ASIC, the regulator of the Australian financial system (and also the regulator of financial publishers like us), is on the receiving end of some remarkable criticism. It’s remarkable, not because of its content, but because of who it’s coming from. Usually, the customers complain about how big business shafted them. But things are so bad at the corporate regulator that even big business is up in arms.
The Australian Financial Review‘s Patrick Durkin put the story together very well. Here are our favourite bits:
‘Accounting firm BDO pointed to a specific confidential investigation they had carried out and referred to ASIC into the misconduct of an auditor which was never examined.
‘"Despite the extensive amount of work and costs involved in conducting the investigation, there would appear to have been no action taken by ASIC to investigate the matter," BDO national audit partner Tim Kendall said.
‘…judge and former head of the government’s prosecutors office, Justice Mark Weinberg [said] last week, that the regulator is too quick to sew up "secret deals" for light penalties with white collar criminals.‘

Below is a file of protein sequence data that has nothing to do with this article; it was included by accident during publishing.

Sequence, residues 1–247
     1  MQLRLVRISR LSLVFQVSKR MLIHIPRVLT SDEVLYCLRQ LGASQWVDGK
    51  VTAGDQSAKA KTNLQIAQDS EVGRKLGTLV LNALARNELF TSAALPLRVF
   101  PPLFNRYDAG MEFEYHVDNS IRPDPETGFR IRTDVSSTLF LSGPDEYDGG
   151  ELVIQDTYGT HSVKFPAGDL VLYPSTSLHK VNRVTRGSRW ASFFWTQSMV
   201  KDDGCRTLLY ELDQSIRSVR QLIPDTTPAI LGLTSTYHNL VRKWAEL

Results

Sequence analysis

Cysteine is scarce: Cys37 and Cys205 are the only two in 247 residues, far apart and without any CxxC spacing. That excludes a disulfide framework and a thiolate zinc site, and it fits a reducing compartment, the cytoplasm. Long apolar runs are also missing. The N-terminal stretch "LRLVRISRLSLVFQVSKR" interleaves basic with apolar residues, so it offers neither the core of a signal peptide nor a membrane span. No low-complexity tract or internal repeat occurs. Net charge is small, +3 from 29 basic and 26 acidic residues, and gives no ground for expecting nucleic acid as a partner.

Secret deals with white collar criminals! Holy cow. At least they’re not murderous dictators in the Middle East though. Only central bankers have the guts for those kinds of business deals.
In the same article is about the best one liner we’ve read in a while: ‘ASIC released its annual report highlighting an increase in enforcement action, although the number of individuals jailed fell from 20 to nine.‘Priceless. Actually, it’s not. Unfortunately, entertainment like this costs a lot of tax dollars.
Instead of catching crims, ASIC is busy screening investors: ‘It will also outline their proposals for voluntary online assessments of investors, a push which was slammed by industry last year as a kind of "investor test".‘
It’s a novel concept. Instead of enforcing laws, only let clever people get defrauded.
The Americans have a different approach. Regulators there are preparing to bring in a rule that ‘stops banks from gambling with their own money‘says the AFR. They will only be allowed to gamble with other people’s money…
We’re increasingly coming to the conclusion that investing is all about avoiding fraudsters in the financial industry, not generating returns. Who cares what the stock market is doing if your CBA financial planner has invested your money in something completely different to what he told you? It’s not like ASIC will save you.
Part of the solution is to take charge yourself. Vern Gowdie has come up with a guide on how to do that with your Super.
for Markets and Money